Step One:  Calmly give your child a warning that her behavior is inappropriate.  Suggest an alternative behavior.

Rosa:  “When you are upset with your brother, you can’t scream at him.  Instead, you can tell him what’s upsetting you using your calm, indoor voice.”

Step Two:  Tell your child that if bad behavior continues, a time-out will be necessary.

Javier:  “Justin, if you continue to yell at your brother, you are going to earn a time-out in order to settle yourself down.”

Step Three:  If the bad behavior continues, calmly hold up one finger and say that this behavior earns a “one”

Rosa: “You are still screaming.  That behavior earns a one”.

Step Four:  Remain quiet.  Wait 30 seconds for behavior to change.

Step Five:  If behavior continues, calmly hold up two fingers and say that this behavior earns a “two”.

Javier: “You are still screaming. That behavior earns a two.”

Step Six:  Remain quiet.  Wait 30 seconds for behavior to change.

Step Seven:  If behavior continues, calmly hold up three fingers and say that this behavior earns a “three” and a “time-out”.

Rosa: “You are still screaming.  That behavior earns a three and a time-out”.

Step Eight:  Escort your child to the time-out spot.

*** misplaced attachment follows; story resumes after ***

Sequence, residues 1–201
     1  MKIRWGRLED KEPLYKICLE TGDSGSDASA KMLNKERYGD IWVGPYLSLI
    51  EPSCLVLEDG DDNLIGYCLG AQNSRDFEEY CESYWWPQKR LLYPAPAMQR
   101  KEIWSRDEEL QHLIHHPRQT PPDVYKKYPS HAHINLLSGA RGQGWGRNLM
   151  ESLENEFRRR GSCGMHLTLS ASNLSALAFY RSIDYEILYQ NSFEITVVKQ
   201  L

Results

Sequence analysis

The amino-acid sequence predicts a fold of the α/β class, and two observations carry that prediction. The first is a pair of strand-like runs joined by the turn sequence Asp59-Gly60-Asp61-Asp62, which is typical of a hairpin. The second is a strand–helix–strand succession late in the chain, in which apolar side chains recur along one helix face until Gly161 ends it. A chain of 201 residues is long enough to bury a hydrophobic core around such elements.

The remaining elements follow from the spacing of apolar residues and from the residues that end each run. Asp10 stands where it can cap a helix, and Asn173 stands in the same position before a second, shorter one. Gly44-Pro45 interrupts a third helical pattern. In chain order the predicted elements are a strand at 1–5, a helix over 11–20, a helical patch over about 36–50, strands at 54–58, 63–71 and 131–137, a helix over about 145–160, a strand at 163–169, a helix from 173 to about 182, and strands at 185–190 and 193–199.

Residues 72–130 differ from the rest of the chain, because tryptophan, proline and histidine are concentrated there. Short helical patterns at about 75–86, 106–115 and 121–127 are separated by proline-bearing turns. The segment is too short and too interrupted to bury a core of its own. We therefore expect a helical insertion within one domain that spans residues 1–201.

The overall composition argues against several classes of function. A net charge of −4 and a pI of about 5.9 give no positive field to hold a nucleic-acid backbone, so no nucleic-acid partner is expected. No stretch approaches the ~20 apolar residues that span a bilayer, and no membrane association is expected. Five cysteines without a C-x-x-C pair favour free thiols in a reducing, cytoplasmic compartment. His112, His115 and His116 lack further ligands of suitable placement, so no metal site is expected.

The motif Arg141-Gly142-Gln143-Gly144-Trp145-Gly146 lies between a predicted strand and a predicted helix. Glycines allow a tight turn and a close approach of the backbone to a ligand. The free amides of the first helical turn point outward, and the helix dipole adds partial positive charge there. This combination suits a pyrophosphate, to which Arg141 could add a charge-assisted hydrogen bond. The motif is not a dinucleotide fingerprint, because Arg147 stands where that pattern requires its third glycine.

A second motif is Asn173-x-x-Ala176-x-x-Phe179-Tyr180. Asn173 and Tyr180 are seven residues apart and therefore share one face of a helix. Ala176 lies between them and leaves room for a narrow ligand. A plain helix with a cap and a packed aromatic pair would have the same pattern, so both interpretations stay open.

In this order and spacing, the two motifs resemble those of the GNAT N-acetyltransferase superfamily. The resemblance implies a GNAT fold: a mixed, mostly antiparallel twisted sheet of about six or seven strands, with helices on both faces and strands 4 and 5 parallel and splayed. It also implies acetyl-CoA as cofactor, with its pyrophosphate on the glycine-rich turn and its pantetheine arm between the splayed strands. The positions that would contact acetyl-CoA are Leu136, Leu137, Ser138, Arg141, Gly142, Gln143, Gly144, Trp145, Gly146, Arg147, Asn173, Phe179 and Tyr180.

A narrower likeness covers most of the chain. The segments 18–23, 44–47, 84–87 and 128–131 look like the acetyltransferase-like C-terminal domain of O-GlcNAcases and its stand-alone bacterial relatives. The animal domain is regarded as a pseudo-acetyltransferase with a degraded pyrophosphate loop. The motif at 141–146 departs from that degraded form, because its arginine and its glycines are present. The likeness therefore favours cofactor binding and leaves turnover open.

Step Nine:  If your child cries, talks, yells, protests, ignore these behaviors.  As badly as you may want to argue, cajole, or lecture your child during these moments, refrain!

Javier stands quietly next to Justin until he calms down.  Javier does not speak to him or look at him.  He remains neutral.

Step Ten:  Time out lasts until your child is quiet in time out for at least 30 seconds.

Step Eleven:  Refrain from discussion, lecturing, or yelling after the time-out is over.  Redirect your child to positive behaviors.

Rosa:  “Your time-out is finished.  You may go back and play quietly with your brother.”

Frequently Asked Questions about Time-Out

What if my child won’t go or stay in time-out?

If your child does not go or stay into time-out, he does not earn any privileges until the time-out has been served.  This means your child can’t play with toys, watch TV, go on the computer, play video games, have snacks or any other privilege you can control.

What if my child hits his sibling?  Should I still count to three?

Some behaviors like hitting, spitting, biting or kicking earn an automatic time out.  No second chances.

What if we don’t have time for a time-out?  Can I threaten to use one later?

Time-outs are not effective when they are threatened in the abstract.  Later is too late.  This defeats the goal of the time-out: for your child to self-soothe, to pull herself together.

What if my child doesn’t get to “three” but frequently gets to “two”?  Should I give her a lighter punishment?

As a matter of fact, when your child is able to stop before “three”, it’s best to reward her for being able regain control.  Let your child know that you are pleased that she was able to pull it together before a time-out was necessary.

Check back tomorrow for Step #5

Cathi Cohen, LCSW, CGP